Tonto Trail

Key information: Tonto Trail

  • Meander for miles along the Tonto Platform's dramatic tongue, always adjacent to the Colorado River, deep in the Grand Canyon's bowels; return to the rim on any number of routes.
  • The longest continuous trail in the Grand Canyon, stretching for 70miles or so from Red Canyon in the east to Elves Chasm (Garnet Canyon), its western terminus. Note: these aren't on the Canyon rim.
  • Revel in huge views out across the vast canyon; enjoy the changing colours and fantastic shapes of the cliffs, buttes and spires.
  •  ANYONE HAVE ANY GOOD PICTURES? WE'D LOVE TO PUBLISH THEM!

Walkopedia rating

  • Walkopedia rating88
  • Beauty32
  • Natural interest18
  • Human interest2
  • Charisma36
  • Negative points0
  • Total rating88

Vital Statistics

  • Length: Variable
  • Maximum Altitude: 2,590m (North Rim)
  • Level of Difficulty: Variable
Top

WALK SUMMARY

The Grand Canyon National Park is one of the Seven Natural Wonders of the World, a World Heritage Site, and geological heaven. It is hard to overpraise the canyon's raw, outlandish shapes and formations: they are justly famous. The sheer size of the Grand Canyon is astounding. Up to 1,830m (over a mile) deep, 450 km long and up to 25 km wide, it is the one against which all other canyons are measured.

 The Tonto Trail meanders for approximately 70miles along the Tonto Platform or alongside the Colorado river, deep in the Canyon. It is the longest trail in the canyon, and connects with tracks all over the sprawling canyon complex, enabling circuits, loops and plenty of other options. The Tonto Platform is a long and rugged plateau that separates the inner gorge from the upper canyon.

 If every prospect and viewpoint along the Canyon's unending rim opens up breathtaking new panoramas, the vistas from within its entrails offer entirely new and exhilarating perspectives. As well as Red and Garnet Canyons, the trail passes close to Horn Creek and Salt Creek, and almost underneath the imposing Tower of Set.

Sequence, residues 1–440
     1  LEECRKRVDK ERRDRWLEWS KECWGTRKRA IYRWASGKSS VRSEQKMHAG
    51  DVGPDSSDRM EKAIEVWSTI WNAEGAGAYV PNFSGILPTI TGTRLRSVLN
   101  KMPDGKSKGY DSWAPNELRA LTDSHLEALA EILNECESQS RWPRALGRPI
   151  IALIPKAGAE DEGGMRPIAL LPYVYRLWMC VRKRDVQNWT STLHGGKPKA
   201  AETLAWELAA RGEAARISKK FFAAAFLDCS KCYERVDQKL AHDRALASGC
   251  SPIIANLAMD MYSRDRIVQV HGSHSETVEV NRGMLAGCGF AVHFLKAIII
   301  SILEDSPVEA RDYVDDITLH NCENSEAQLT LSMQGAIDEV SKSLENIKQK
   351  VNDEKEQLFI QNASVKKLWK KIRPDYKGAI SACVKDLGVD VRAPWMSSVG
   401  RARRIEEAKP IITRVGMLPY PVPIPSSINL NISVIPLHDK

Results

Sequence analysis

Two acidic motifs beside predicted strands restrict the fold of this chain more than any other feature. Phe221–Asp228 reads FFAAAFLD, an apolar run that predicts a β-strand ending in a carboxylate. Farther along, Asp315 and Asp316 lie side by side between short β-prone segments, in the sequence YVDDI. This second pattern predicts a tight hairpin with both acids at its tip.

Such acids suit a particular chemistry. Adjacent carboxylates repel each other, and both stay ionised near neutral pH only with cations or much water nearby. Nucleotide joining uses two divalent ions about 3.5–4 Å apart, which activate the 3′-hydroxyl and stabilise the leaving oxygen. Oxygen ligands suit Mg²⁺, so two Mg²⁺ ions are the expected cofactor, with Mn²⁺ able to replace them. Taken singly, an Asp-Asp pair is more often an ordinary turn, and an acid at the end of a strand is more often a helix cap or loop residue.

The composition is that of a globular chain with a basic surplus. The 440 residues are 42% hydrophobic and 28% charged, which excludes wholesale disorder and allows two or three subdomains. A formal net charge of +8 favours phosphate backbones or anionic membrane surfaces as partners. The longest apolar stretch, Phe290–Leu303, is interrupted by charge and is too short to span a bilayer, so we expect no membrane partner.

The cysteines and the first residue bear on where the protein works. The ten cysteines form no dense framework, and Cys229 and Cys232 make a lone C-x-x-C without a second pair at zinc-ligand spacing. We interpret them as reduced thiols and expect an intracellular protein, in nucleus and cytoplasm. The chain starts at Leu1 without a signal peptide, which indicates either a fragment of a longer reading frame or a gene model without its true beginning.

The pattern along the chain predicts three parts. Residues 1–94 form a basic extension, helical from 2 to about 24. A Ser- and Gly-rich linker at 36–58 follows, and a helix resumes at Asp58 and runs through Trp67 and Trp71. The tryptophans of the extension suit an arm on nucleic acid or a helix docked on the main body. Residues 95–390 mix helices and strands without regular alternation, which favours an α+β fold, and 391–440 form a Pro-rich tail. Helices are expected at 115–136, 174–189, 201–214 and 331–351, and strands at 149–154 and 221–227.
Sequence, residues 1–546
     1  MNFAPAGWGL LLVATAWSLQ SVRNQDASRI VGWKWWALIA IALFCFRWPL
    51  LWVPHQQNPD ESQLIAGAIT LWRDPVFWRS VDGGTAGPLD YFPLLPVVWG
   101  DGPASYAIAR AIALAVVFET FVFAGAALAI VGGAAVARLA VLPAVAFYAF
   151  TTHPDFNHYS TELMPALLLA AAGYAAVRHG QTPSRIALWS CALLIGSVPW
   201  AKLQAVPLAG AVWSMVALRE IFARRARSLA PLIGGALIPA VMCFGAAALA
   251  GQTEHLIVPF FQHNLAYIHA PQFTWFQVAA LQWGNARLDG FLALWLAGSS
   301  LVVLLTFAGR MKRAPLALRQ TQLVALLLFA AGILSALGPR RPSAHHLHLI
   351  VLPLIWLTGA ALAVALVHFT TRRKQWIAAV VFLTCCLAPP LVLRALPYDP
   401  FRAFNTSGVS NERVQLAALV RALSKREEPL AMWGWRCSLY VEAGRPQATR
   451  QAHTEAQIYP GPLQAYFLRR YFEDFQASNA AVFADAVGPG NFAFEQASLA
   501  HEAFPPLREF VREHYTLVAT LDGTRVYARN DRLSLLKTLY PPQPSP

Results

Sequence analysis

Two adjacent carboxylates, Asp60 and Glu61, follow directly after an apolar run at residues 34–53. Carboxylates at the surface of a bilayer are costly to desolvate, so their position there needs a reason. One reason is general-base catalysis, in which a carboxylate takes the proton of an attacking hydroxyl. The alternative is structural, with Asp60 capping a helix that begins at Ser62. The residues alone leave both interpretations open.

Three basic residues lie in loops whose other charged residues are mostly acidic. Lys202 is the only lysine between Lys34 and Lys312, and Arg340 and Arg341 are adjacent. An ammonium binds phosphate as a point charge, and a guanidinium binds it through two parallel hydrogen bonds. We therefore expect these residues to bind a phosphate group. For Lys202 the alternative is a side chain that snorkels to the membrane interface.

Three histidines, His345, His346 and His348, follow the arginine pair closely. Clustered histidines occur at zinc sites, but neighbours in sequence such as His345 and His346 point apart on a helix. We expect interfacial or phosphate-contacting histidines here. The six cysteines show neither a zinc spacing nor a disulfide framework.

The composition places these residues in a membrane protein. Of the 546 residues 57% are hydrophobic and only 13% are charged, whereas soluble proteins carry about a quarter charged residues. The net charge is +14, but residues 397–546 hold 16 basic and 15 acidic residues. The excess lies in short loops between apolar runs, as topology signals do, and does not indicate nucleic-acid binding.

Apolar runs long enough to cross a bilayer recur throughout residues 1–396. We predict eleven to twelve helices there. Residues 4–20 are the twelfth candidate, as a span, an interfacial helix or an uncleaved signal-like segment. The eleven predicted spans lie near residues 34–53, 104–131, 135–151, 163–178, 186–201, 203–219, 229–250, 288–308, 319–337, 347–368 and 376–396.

The Tonto Trail's greatest virtues are its (relatively) level walking as you wind along the inner platform and its role as a linking trail, enabling you to create connected loops and circuits. The Tonto Trail connects with:

  • The South Bass Trail: access to the South Rim: trailhead accessible from Rowe Well Road or Forest Service Road. This used to connect with the North Bass Trail, and access to the restricted North Rim, via a line strung over the rushing Colorado River; now, rafts must be used. The descent to the river is long and demanding, but its geography as ever stunning, surreal, and sunburnt.
  • The Boucher Trail: access to the South Rim via Hermit & Dripping Springs Trails.
  • The Hermit Trail (to the South Rim).
  •  The New Hance Trail / Red Canyon Trail: access to the South Rim: Together with the Tanner Trail, this is considered one of the toughest trails on the South Rim. The track's upper reaches involve picking your way through, over and around enormous boulders, the route only occasionally marked by the odd cairn; then there is no track, and the terrain uneven and treacherous. The flipside of this excessively rugged terrain is its isolation, and you are unlikely to see other people on this trail, which crosses the Tonto Trail before ending at the Hance Rapids (Colorado River).
  • The Grandview Trail (links to South Rim).

 The Cicerone guide has good information on all these walks.

See our Grand Canyon page for much more on the canyon, and detailed practical information.

 

Public domain image from http://www.nps.gov/grca/grandcanyon/maps/. See http://www.nps.gov/disclaimer.htm ("Information presented on this website, unless otherwise indicated, is considered in the public domain.") for license information.

Other accounts: share your experiences

Your comments on this walk, your experiences and suggestions, and your photos are very welcome. Where appropriate, you will be credited for your contribution.

Safety and problems: All walks have inherent risks and potential problems, and many of the walks featured on this website involve significant risks, dangers and problems. Problems of any sort can arise on any walk. This website does not purport to identify any (or all) actual or potential risks, dangers and problems that may relate to any particular walk.

Any person who is considering undertaking this walk should do careful research and make their own assessment of the risks, dangers and possible problems involved. They should also go to “Important information” for further important information.

Anyone planning an expedition to this place should see further important information about this walk.

Top

Responsible travel matters, a lot. How you travel will make a real difference - for better or worse. PLEASE consider this when making plans. Read more

All material on this website is � Walkopedia Ltd 2008 - 2015, unless specified otherwise.
ALL RIGHTS RESERVED